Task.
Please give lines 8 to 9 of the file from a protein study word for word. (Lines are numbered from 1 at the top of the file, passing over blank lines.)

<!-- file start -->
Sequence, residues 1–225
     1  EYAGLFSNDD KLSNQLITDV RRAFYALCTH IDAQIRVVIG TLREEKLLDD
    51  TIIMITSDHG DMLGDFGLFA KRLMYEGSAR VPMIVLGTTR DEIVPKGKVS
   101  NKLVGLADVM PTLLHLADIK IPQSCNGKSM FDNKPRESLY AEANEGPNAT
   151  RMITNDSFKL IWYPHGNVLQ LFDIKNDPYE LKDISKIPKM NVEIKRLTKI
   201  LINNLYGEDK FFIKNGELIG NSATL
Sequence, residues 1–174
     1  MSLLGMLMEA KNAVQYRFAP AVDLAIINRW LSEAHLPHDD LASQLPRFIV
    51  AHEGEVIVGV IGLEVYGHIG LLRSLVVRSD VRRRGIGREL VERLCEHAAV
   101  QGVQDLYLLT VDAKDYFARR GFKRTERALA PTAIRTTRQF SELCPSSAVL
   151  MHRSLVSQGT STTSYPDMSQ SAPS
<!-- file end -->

     1  MSLLGMLMEA KNAVQYRFAP AVDLAIINRW LSEAHLPHDD LASQLPRFIV
    51  AHEGEVIVGV IGLEVYGHIG LLRSLVVRSD VRRRGIGREL VERLCEHAAV